October 8, 2008

Letting go.

I first learned of Jenny McCarthy’s story when she and Evan were featured in People.  After I had finished reading it, I wasn’t really sure how I was supposed to feel.

Then I remembered a conversation I had with my friend (and my son’s godmother).  She talked about her trials as a mom of a child who had PPD-NOS (Pervasive Developmental Disorder – Not Otherwise Specified).  For those of you who don’t know what PPD-NOS is it’s a catch-all diagnosis for people on The Spectrum that have many but not all of the typical autism signs and symptoms.

We spoke of our frustration of how the media only listens when a celebrity has something to say about an issue like autism.

Why was it that the “regular, everyday moms” weren’t being interviewed by the masses?

Why didn’t the media answer our letters of outrage?

With nothing to sell, why didn’t someone want to listen to us?

I was angry with Jenny, but that anger was misplaced.

I should have been angry at the dentist who put 8 amalgam fillings in my  mouth, in one day, when I was 12 years old.

I should have been angry for not knowing my complete biological history (paternal side unknown).  Not knowing meant my son’s autism could have been inherited.

I should have been angry at myself for wimping out during my attempt at natural childbirth and opting for the Stadol then upgrading to TWO Epidurals.  After 24 hours of active back labor, I just couldn’t take the pain anymore.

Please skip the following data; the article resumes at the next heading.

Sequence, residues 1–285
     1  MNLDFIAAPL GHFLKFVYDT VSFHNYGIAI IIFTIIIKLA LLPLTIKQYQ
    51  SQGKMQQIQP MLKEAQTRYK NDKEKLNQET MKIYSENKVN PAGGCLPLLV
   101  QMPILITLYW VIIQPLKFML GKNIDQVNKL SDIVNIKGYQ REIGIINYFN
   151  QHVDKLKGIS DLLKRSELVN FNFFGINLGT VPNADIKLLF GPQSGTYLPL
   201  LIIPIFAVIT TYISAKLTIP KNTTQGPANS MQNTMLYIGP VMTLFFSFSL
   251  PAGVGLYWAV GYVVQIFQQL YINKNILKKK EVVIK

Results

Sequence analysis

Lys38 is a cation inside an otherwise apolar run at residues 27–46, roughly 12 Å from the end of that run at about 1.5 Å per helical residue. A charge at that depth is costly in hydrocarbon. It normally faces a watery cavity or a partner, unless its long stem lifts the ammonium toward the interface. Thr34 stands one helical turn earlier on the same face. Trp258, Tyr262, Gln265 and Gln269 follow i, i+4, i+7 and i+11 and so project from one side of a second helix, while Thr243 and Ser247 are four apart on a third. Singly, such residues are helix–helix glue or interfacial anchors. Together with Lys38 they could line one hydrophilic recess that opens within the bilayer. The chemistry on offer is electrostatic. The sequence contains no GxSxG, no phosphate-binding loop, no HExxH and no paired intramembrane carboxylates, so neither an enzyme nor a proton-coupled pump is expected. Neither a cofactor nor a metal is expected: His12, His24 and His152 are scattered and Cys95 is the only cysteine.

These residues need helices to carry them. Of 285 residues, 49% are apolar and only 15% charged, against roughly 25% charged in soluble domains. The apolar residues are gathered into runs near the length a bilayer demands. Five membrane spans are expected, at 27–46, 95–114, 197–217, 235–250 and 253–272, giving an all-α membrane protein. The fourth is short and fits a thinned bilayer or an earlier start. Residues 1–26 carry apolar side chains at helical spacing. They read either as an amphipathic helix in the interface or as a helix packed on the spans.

I should have been more informed about what was really in vaccines and simply said “no” to Thimerosal or opted for an alternate schedule.

I should have been angry at the government for not caring enough about it’s citizens by not following the leads of Europe and Canada when it came to stringent health and safety regulations.  Sadly, the citizens don’t pay as well as Big Pharm and Big Chem (plastic) do.

I should still be angry… but I’m not.

I’m slowing learning to let go of this anger, because it doesn’t do me any good to hold on to it.

Being angry only takes away from me enjoying any happy moments that cross my path.

I’m tired.

I’m tired of being angry.

I’m tired of blaming.

I’m tired of living in the past.

I don’t have any regrets for what has happened to my son.  I truly believe that everything happens for a reason.

I truly believe that his autism is what has made me a better person.

Weird?  I know, but it’s true.

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